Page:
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09-01-2017 01:07 PM
My problem is the same as many others I have seen listed. PC was working fine all these years, suddenly went to turn it on and loud fan noise, blank screen, pc won't boot. Have tried all fixes listed. Power cord is fine, f10 will not start BIOS. Took off back, cleaned fans, redid thermal paste on CPU/heat sink. No sign of overheating, capacitors all look good, am assuming it is motherboard or hard drive?? How do I check those? I was going to hook hard drive to another pic to check it, but can't find a cable to connect to the hard drive--it has a long connector with 7 pins, a gap, then 14 pins.
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09-02-2017 10:05 AM
> My problem is the same as many others I have seen listed.
I'm guessing that the solution will be the same as those many others.
> am assuming it is motherboard or hard drive??
Agreed. Also, possibly, the power-supply. It must provide several different voltage-levels on different leads.
A partial failure, on one of those leads, could cause your symptoms.
> How do I check those?
> I was going to hook hard drive to another pic to check it,
> but can't find a cable to connect to the hard drive--it has a long connector with 7 pins, a gap, then 14 pins.
It's a "given" that any computer shipped with Windows 10 has a disk-drive with a SATA interface:
for an adapter that connects a SATA disk-drive to a USB port.
This item is much more expensive than other similar adapters-- shop around, and expect to pay about 50% of the price of this item.
Testing a motherboard is much more difficult.
Disconnect the AC power.
Disconnect the disk-drive.
Remove the RAM.
Turn the computer on.
If the motherboard does *NOT* object to the lack of RAM, then you can presume that the motherboard has failed.
Or, if there is more than one stick of RAM, remove one, and reboot. Try again, with the "other" RAM by itself.
09-02-2017 02:14 PM
> Thing is, how do you know if motherboard recognizes ram or not if the screen is black and it doesn't even try to boot up?
Running Windows is a multi-step process:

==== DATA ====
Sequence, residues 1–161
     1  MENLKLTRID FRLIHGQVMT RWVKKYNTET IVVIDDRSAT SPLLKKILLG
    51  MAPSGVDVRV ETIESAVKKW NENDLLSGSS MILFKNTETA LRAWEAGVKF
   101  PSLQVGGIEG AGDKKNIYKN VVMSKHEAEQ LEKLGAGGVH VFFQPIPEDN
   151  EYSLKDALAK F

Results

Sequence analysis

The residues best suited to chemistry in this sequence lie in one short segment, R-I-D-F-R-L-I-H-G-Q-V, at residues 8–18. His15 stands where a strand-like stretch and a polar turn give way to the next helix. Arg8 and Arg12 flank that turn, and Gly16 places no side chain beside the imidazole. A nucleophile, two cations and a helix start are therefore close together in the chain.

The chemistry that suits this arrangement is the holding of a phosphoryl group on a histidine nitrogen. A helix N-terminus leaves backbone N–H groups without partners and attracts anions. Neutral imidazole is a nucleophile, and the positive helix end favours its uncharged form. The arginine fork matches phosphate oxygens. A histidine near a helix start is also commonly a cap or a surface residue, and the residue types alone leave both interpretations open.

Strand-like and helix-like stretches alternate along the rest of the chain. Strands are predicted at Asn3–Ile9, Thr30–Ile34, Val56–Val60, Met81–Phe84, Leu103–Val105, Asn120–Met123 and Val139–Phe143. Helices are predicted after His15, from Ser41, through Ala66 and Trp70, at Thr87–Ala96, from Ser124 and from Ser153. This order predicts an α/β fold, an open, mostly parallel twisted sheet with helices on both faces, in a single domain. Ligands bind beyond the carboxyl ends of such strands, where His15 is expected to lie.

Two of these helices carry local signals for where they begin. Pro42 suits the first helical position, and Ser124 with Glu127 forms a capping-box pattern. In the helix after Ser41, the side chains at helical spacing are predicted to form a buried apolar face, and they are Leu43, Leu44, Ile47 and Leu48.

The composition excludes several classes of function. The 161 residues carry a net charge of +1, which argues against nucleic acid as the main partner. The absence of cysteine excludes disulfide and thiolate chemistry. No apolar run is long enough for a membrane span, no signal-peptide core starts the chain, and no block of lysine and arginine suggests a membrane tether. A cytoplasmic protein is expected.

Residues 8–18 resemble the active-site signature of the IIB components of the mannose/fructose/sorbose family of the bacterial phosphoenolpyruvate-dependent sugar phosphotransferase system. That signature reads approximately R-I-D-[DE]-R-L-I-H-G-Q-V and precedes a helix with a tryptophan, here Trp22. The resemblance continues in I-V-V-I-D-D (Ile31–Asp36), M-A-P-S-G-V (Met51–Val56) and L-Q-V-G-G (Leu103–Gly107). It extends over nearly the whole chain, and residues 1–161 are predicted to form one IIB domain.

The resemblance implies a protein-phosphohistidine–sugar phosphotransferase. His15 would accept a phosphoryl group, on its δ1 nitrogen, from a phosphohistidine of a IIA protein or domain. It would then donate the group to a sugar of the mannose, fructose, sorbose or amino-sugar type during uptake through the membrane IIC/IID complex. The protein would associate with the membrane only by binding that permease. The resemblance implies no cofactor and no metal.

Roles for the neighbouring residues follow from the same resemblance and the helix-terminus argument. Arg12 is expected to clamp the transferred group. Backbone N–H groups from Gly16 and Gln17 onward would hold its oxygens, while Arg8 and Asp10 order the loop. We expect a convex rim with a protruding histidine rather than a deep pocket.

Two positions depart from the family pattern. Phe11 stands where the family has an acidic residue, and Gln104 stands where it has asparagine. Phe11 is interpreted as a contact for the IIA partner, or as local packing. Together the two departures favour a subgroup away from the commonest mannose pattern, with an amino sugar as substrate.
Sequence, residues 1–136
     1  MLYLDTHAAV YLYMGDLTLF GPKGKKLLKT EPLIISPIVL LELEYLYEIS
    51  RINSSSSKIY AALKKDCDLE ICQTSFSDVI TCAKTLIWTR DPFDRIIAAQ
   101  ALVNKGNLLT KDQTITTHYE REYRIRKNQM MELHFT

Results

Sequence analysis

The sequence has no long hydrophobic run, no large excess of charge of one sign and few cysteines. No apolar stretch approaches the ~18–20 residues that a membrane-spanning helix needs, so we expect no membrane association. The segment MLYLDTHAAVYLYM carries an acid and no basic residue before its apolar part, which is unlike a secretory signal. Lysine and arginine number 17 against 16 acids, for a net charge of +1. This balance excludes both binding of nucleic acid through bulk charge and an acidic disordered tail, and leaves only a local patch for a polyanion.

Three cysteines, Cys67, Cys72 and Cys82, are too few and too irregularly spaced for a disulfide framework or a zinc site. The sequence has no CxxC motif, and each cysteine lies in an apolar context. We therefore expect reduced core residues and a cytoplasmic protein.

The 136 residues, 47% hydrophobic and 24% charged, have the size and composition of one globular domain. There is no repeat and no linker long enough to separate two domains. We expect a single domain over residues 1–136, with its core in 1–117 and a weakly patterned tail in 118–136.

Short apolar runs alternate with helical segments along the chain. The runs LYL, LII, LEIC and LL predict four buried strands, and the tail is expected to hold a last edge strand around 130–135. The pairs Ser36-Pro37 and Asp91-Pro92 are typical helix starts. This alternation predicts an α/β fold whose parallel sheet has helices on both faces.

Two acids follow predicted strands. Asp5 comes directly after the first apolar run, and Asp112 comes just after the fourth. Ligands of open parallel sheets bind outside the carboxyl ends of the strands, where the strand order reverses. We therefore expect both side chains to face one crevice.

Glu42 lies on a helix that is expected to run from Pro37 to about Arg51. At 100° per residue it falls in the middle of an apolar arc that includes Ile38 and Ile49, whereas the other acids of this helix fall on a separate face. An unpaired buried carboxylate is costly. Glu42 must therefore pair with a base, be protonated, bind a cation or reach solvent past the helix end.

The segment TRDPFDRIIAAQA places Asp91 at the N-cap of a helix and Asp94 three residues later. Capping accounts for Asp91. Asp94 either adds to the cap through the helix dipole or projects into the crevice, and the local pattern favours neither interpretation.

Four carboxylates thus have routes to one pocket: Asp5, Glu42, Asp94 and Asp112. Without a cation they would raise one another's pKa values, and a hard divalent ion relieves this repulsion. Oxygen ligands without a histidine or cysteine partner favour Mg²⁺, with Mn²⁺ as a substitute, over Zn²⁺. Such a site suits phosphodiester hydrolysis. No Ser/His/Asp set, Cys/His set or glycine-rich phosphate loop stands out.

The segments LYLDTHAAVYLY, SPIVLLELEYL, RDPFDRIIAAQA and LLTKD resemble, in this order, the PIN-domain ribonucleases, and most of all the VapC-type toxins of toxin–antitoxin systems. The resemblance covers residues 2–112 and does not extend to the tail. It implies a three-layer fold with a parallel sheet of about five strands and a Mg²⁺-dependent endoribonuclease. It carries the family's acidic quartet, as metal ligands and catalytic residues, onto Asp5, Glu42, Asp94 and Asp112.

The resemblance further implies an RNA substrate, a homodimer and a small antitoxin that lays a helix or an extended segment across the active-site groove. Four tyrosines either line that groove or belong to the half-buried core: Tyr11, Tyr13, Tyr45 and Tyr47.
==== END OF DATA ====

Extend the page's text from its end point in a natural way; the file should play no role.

* POST (Power On Self Test) -- including testing for the presence and amount of RAM, and testing video,
* finding the disk-drive,
* reading the first "boot" record from the disk-drive,
* reading the rest of Windows from the disk-drive.
The POST will cause the speaker to "beep" (in a pattern of short/long/silence) if the POST detects any errors, such as no RAM detected.
If POST does not start, there will not be any "beeps".
If POST does start, there might be a bunch of "beeps".
So, no "beeps" implies a problem with the motherboard.
09-02-2017 02:47 PM
> Fans are spinning fast ...
The motherboard deliberately does this, then detects the temperature of the motherboard and the CPU.
If everything is "cool" (pun intended), and the motherboard is functioning correctly, it tells the fan to slow down.
> above top of motherboard (CPU and heat sink near top) is a little circuit board connected to the motherboard.
> It has a little light that comes on green when I turn the pc on, if that is helpful.
Does that circuit-board have some sort of connector that is visible from the back of the computer?
If so, what's connected? Your monitor? A network cable? Your speakers?
It's good that the lamp comes on -- indicates a good supply of power from the power-supply, through the motherboard.
09-02-2017 04:36 PM
Nope, the only connection for that little circuit board is from the circuit board to the motherboard. The light comes on when I turn the power on, so I assume the green light indicates the motherboard is getting power? I may be trying to make too much sense of it, because to me the power for the motherboard should come in at the bottom, where the power cord connects.
09-02-2017 04:43 PM
No beeps whatsoever, with ram removed, with ram in, with disc drive removed, with disc drive in. Just fans running quickly, and they don't slow down. So the motherboard? I am out in the country without close by computer repair, so changing the motherboard is probably really difficult? I have no problem taking it out, but all the connections to it, however do I keep track and put them all back correctly, lol! This computer is 9 years old, but has run perfectly all these years with no problems, so I don't want to give up on it.
09-02-2017 06:21 PM
> the power for the motherboard should come in at the bottom, where the power cord connects.
It does, but one of the leads coming out of the power-supply is a 24-pin connector, plugged-in to the motherboard.
This supplies power to the motherboard and the CPU, and to the add-in card.
> changing the motherboard is probably really difficult?
Yes. Even more difficult will be finding a replacement motherboard.
> This computer is 9 years old, but has run perfectly all these years with no problems, so I don't want to give up on it.
Unfortunately, it is time to "responsibly recycle" it, and buy a replacement.
Keep the disk-drive, because it still will have your personal files on it.
You will be able to attach it as a secondary disk-drive in the new computer, and copy all your files.
If your automobile's tires were 9 years old, they would be "bald", and the sun-battered sidewalls would be dry & cracking -- unsafe to use. The same applies to your disk-drive. Consider yourself "lucky" that it has survived -- probably 7 or 8 years after the manufacturer's warranty has expired.
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